Prisons don't work, but prisoners do. Prisons are often critiqued as unjust, but we hear little about the daily labour of incarcerated workers -- what they do, how they do it, who they do it for and under which conditions. Unions protect workers fighting for better pay and against discrimination and occupational health and safety concerns, but prisoners are denied this protection despite being the lowest paid workers with the least choice in what they do -- the most vulnerable among the working class. Starting from the perspective that work during imprisonment is not "rehabilitative," this book examines the reasons why people should care about prison labour and how prisoners have struggled to organize for labour power in the past. Unionizing incarcerated workers is critical for both the labour movement and struggles for prison justice, this book argues, to negotiate changes to working conditions as well as the power dynamics within prisons themselves.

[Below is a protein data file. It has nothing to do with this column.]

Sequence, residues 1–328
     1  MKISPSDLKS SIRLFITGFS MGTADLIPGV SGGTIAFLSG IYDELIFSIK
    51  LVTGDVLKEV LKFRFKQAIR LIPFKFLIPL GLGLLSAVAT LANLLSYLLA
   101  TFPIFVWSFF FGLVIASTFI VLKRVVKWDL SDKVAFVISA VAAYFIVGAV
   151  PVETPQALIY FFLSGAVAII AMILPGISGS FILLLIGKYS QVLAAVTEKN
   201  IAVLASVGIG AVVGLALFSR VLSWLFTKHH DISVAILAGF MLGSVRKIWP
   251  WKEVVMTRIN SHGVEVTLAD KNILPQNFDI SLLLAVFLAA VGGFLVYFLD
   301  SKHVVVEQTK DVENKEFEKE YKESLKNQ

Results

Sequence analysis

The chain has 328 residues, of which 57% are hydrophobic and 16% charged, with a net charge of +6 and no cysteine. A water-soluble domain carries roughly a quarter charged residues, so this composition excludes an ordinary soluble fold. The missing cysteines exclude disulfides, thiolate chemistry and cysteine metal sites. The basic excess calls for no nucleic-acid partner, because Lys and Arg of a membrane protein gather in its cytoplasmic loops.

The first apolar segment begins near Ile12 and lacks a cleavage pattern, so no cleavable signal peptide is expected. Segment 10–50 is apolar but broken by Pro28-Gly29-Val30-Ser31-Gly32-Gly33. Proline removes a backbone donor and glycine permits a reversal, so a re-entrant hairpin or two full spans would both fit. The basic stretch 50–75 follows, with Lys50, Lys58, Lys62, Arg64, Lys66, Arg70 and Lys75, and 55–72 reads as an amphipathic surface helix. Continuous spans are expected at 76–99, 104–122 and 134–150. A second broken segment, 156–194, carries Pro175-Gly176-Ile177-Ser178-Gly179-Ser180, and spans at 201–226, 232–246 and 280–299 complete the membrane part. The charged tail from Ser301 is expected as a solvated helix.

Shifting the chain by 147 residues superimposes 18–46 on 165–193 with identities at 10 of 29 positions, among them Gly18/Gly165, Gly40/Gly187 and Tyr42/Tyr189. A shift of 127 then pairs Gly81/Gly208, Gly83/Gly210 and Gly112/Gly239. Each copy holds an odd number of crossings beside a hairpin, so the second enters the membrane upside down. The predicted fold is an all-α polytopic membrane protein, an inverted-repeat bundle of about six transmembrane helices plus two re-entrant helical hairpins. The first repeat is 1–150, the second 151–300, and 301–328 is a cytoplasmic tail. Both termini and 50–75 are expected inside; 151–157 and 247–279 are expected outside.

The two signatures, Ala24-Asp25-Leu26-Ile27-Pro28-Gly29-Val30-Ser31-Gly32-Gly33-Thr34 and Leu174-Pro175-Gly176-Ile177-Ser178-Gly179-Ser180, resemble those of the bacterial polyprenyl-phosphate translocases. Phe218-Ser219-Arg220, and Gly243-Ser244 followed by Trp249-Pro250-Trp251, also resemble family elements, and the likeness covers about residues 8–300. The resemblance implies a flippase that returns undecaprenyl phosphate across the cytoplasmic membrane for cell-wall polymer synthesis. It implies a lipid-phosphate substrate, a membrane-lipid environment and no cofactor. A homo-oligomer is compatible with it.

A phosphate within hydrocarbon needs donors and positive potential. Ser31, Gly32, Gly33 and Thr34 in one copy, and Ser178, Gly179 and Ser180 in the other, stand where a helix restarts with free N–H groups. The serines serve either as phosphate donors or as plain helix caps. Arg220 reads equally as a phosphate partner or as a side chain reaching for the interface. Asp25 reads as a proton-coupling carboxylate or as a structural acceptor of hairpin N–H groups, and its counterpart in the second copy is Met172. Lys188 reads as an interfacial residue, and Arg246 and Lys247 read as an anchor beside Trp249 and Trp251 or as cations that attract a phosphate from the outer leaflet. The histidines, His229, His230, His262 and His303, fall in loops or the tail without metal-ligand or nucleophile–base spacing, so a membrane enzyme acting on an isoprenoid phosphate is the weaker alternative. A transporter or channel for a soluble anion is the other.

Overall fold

About the Author
Jordan House (Author) Jordan House is an assistant professor in the Department of Labour Studies at Brock University. His research focuses on prison labour and prisoner-worker organizing, new forms of worker organization and labour movement renewal. His work has appeared in several publications, including Labour / Le Travail, Labor Studies Journal, Rankandfile.ca, Canadian Dimension and Jacobin. He previously worked as a labour organizer and union researcher and is a long-time prison justice activist. Asaf Rashid (Author) Asaf Rashid went from being an aspiring scholar in environmental studies to a community agitator and campaigns coordinator of the Nova Scotia Public Interest Research Group. He is a lawyer, based in k'jipuktuk/Halifax and a board member of the Halifax Workers Action Centre, a member of the Canadian Prison Lawyers Association and supporter of the East Coast Prison Justice Society. Rashid has also been a union organizer and labour rights activist, among other social justice activities.